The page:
- Searle Award for Creativity 2012
My work was shortlisted for this annual award set up by the late Ronald Searle for students at Cambridge School of Art. It recognises excellence in any artistic discipline. This year's theme was 'Migration'
- My work explores the concept of the migration of ideas and technologies associated with the material visualisation of our language. Johannes Gutenberg (1398-1468) is credited with inventing moveable type and introducing Europe to the printed word through the Gutenberg Bible. His technological innovation migrated across the western world feeding an appetite for, and explosion in the ability to share and record knowledge. John Baskerville (1706-1775) was a printer and typographer who printed works for Cambridge University. Benjamin Franklin was a contemporary and great admirer of Baskerville’s typefaces and took the designs to the newly created United States of America. One of the few remaining Gutenberg bibles is in the University Library in Cambridge, another is in the Henry E. Huntington Library in Pasedena, California. We have here in our own letterpress print studio several typecases of Baskerville’s own font. These underlying thoughts and interests link the prints in this triptych to the recollection of the Gutenberg Bible and the extraordinarily significant migration of the technologies of its birth.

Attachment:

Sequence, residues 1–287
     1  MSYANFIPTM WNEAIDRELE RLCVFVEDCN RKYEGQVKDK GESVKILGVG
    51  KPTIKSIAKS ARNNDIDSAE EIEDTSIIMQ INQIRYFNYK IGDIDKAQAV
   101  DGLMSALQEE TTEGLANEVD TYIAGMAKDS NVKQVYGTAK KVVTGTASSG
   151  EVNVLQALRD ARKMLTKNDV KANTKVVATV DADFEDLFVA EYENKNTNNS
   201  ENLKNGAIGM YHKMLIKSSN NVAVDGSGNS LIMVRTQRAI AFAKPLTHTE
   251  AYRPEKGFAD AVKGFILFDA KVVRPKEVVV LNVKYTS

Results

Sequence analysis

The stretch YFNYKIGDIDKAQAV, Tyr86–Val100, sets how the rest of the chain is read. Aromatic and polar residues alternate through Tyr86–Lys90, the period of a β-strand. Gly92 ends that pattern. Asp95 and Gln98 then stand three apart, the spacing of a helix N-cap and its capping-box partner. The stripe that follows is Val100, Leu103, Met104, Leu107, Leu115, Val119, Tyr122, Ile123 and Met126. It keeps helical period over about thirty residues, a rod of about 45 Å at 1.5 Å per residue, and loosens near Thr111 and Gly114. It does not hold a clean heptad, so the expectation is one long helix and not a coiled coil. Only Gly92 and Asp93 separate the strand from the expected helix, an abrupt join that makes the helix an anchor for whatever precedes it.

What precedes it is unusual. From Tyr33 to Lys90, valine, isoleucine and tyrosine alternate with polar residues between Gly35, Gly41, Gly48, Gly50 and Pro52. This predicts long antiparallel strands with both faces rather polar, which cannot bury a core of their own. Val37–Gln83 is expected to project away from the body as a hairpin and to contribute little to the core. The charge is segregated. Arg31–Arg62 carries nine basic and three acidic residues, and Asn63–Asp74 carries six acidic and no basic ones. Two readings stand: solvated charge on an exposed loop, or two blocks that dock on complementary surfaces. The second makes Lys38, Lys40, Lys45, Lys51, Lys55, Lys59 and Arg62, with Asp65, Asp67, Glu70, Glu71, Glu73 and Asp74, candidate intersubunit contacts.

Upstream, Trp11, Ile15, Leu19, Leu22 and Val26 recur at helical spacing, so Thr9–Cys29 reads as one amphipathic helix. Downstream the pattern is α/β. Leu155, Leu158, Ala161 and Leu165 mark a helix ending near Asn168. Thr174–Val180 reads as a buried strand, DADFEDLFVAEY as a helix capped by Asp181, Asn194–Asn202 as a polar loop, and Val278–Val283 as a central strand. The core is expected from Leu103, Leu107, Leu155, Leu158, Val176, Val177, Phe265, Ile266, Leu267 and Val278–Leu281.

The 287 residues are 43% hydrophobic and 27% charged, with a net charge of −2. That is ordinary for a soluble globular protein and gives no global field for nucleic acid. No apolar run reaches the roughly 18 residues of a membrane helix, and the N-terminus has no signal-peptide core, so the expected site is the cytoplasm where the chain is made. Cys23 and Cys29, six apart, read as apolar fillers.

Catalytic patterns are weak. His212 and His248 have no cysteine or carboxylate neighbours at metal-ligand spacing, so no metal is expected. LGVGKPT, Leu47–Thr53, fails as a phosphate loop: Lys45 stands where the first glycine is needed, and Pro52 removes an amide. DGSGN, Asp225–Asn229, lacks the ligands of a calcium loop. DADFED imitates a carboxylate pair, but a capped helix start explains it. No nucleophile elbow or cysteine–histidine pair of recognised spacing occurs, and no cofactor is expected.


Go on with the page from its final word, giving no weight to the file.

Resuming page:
I Screenprint of a typical Californian sign
II Screenprint of a map of Cambridge
III Hot metal letterpress print, in Baskerville Italic font, of a quote by Herman Broch concerning the nature of ideas and actions.